I may be wrong about what Miles meant, but I'm not wrong about architecture not being art.
I think an all encompassing statement that architecture has simply little to do with art but with design - and therefore cannot be art- is artless. Design also goes on a canvas - how you frame a figure, where your horizontals are, where do you place the model's eyes, where you place your wintry tree ...these are questions of design within art and thus design is not antithetical to art (painting, sculpture and so on) and thus one does not preclude the other. In my understading, trying to suss out whether an object (including architecture) is of art happens through recognizing the places that it occupies - intellectually, figuratively, aesthetically and historically. I think its really more a question of when architecture is an art. this even is applicable within the 'uncontested' arts: people who know music, for instance, would tell you that etudes - generally- were not works of arts but that with the likes of Chopin, Rachmaninoff and even Bach way before them had raised pieces written for pedagogical purposes (i.e. functional purposes) to the level of art.
It's a very common stance in the modern era to treat everything man-made as if it was art. But this essentially Nietzschean position that anything made somehow can approach the apotheosis of art if it is done aesthetically ignores what art really is and why we make art as opposed to other forms of artifice.
Art is fundamentally about the reification of values (or, really, meta-values), so they may be experienced directly as perceptual concretes. This fulfills a a deep psychological need in human beings and is the impetus to the creation of art. This is the ONLY purpose of art, and it is primary in both its creation and evaluation. To the extent that art serves other purposes than this (e.g. didacticism, transgression, utility, etc.) it fails as art and becomes something else (most often kitsch). Incidentally, this is why art in the modern era has become so sterile, decadent, and impoverished: most artists have chosen to engage in pranks and propaganda instead of making actual art. After all, making real art is hard work.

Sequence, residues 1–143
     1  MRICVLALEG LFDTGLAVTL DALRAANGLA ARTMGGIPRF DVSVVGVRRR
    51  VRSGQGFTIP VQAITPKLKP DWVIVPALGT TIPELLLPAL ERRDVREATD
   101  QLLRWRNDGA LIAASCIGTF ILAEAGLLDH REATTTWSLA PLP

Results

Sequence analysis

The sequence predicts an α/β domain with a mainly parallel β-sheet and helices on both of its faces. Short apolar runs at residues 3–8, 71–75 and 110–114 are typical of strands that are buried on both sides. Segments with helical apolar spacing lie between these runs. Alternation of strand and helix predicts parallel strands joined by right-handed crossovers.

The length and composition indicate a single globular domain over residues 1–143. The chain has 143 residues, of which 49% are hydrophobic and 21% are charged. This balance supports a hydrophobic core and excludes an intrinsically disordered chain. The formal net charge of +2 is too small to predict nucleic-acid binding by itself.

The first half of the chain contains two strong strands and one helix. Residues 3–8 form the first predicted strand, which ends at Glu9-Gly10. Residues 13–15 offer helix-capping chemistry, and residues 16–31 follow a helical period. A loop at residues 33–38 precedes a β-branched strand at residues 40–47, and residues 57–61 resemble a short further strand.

Architecture can never be art because it must necessarily encompass the utilitarian. Architecture must perform. It must accommodate human needs, behavior, and ergonomics. Even if harmonized and integrated with the aesthetic telos in a truly artful and "organic" work of architecture, merely the presence of the utilitarian dimension, even if it's not primary, makes it "not art." Saying that architecture can be art is a category error.
So, when we characterize architecture as "craft" or "design", we are acknowledging that reality. Again, just because architecture isn't art does not mean it cannot be created artfully or cannot become aesthetically powerful (even transcendental). In fact, it is the great challenge and potential of architecture that it can achieve powerful, all-encompassing aesthetic effects while also keeping the rain off our heads and giving us place to park the car. Design is harder to do than art because of this teleological multi-dimensionality.
Incidentally, this is why art in the modern era has become so sterile, decadent, and impoverished: most artists have chosen to engage in pranks and propaganda instead of making actual art. After all, making real art is hard work.
It's useless to try and define real art. I still think it's a matter of opinion. This man's work (DuChamp) shook the 20th century, and there's no denying that:
It's useless to try and define real art.
This is a profoundly anti-intellectual and anti-artistic statement, and also happens to be false. If you come to understand what art is (and isn't), and can articulate that (with, for instance, a definition) then you can do art better. You can also talk about art in ways that are intelligible to other people.
Bringing this back to architecture for a moment, one of the biggest frustrations most architects experience professionally is the difficultly in making analytic arguments in favor of aesthetic decisions in design. How many of us have heard the phrase "that's just architecture" from a client in reference to some important design choice intended primarily for aesthetic effect? How often are aesthetic concerns dismissed by clients and contractors as "matters of opinion" or irrelevancies? If you, as the designer, don't understand aesthetics, can't articulate why some aesthetic choices are objectively better than others, don't make the case for the necessity of artfulness in design, then dealing with this sort of thing quickly becomes a nightmare. If it's purely subjective and "just a matter of opinion," then their opinion will always over-rule yours since they hired you. You will consistently fail to create and deliver value because you can't explain where the value is and why it's important.
Very well said, point taken.
*I think I learned something today
I decide what is or isn't art. No book or person tells me what Art is, I can figure that out on my own after experiencing it. There are definitions for everything, who says I have to believe all of them. I prefer living a life recognizing great Architecture is Art.